Rememberable Buisnessmen: Good or Bad?

“The men who built America” which includes the famed businessmen Rockefeller, Carnegie and Vanderbilt were all classified as robber barons during their time. In order to make it to the top these three eliminate business competition, force their workers to labor in hard conditions, and they depleted America’s natural resource without contemplating the consequences. Robber barons are individuals who used their business for selfish greedy gain no matter the action. These three men were known for helping establish what is known as the American dream but the actions they took to live a life of prosperity were not always ethical.

Rockefeller is the prime example of an individual that destroyed his competition in order to become of America’s richest man. He wanted to monopolize the oil industry and did so with his company Standard Oil. In order to get rid of competition Rockefeller would lower his prices in area with other oil industries as well as find out ways to buy other oil industries or force them to stop production. Carnegie was no better his greed and want for money caused him to make actions that seem even more despicable than Rockefellers’. Andrew Carnegie would also buy out competing steel industries so that his steel company would succeed. He made sure that the actions he took would end with him becoming wealthier.

Some of those actions that Carnegie took were mistreatment of workers. He Knew His workers needed the money no matter how little they pay was because they had other duties such as providing for their families and he took a huge advantage out of that fact. He had his workers working in harsh very dangerous conditions and he found a way to destroy most of the labor unions leaving his workers helpless. He would hire young children and force them to work twelve hours a week with very little pay. After the Homestead Strike, when workers went on an aggressive strike after losing pay while working long hours and the state militia as well as soldiers aided in stopping the strike, the odds were against the workers after the signs showed that the government approved of big businesses such as Carnegies.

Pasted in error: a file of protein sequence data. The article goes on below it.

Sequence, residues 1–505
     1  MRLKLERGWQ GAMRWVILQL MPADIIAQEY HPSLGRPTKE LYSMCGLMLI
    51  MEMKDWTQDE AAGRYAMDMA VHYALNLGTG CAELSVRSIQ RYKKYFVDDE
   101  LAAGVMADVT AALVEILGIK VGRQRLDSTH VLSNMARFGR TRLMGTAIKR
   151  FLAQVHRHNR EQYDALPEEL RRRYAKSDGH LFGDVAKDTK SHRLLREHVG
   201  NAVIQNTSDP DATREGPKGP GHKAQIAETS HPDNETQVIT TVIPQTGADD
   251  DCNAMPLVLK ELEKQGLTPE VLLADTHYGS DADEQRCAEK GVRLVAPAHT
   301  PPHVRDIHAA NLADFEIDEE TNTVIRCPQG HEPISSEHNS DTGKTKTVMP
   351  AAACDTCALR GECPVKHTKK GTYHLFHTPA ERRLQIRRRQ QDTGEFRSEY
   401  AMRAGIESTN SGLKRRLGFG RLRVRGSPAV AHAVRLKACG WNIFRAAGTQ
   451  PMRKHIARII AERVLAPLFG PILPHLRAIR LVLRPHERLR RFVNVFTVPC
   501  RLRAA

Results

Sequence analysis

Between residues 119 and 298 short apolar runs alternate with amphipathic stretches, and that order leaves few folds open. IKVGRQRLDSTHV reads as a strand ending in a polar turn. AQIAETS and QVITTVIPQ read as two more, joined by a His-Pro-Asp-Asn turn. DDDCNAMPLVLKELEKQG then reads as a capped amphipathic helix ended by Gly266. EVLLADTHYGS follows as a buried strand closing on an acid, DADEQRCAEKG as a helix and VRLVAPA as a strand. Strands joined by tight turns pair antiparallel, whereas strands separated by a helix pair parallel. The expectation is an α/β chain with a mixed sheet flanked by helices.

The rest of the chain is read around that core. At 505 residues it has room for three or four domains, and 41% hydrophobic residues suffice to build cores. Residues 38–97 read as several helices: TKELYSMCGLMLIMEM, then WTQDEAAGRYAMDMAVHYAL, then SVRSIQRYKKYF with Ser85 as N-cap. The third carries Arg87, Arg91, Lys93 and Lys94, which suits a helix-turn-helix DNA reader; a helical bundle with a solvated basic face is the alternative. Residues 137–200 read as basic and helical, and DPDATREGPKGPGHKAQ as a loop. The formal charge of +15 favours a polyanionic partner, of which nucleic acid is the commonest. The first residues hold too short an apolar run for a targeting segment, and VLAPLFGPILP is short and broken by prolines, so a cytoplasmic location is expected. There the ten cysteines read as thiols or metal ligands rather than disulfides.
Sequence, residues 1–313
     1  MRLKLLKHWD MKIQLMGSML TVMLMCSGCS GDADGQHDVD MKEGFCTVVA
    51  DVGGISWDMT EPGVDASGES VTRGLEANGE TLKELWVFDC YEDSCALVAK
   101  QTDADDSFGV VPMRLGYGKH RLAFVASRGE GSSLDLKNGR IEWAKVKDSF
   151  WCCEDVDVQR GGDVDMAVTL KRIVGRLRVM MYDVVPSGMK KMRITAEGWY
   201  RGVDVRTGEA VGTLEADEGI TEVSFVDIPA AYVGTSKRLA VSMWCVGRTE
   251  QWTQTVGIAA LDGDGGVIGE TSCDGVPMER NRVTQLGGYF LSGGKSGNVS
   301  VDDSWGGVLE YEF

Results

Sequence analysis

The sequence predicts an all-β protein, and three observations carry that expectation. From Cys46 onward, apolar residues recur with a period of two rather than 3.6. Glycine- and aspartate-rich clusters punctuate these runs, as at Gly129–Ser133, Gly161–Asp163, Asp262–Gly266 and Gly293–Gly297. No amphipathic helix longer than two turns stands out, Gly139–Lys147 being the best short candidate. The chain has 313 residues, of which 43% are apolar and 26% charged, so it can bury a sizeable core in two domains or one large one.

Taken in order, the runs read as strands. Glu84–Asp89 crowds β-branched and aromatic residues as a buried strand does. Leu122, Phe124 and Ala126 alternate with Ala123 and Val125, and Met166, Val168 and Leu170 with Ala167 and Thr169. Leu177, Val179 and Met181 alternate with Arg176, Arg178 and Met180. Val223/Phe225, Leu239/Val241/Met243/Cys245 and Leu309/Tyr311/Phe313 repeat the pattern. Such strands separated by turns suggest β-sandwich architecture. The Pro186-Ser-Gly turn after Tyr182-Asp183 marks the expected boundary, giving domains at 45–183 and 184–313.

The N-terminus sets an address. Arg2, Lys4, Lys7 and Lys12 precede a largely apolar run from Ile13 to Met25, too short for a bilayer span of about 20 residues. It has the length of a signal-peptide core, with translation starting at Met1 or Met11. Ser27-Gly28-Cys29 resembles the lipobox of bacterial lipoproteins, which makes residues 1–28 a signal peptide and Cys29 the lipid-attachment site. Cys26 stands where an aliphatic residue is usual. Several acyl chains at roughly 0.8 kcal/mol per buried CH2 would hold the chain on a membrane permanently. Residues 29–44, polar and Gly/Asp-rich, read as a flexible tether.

Another robber baron that didn’t let anything get in his way is Cornelius Vanderbilt. This man does have somewhat humble beginnings as he demonstrates how to climb the corporate ladder. He was at first an entrepreneur of a steamboat company and made somewhat of a monopoly of it as he destroyed local ferry companies. Later on he found himself in the railroad industry and this is when his greed really began to show. Vanderbilt bought out companies, had his workers work in poor dangerous conditions and worse of all he was destroying land that could contain natural resources. Vanderbilt built his railroads on what could have been great farmland and he used a lot of materials to do it. He accumulated much natural waste in his endeavors that he just threw away. Some of his actions add on to the reason why we live in such an unsustainable environment.

All of these men became the richest people to ever live in the United States but society ignores the fact that they may have done more harm than good thanks to the standard they set for businessmen to follow. Starting from the late 1800s these three paved a bad example of exploitation that we see many businessmen today strive for. No matter how society view these men one would be able to state they were leaders of a new era and another could state their selfish people stopping down whoever gets in their way. Ethically their negatives out way their positive selfish actions making them seem like bad guys to the public rather than great industrialist of the past.

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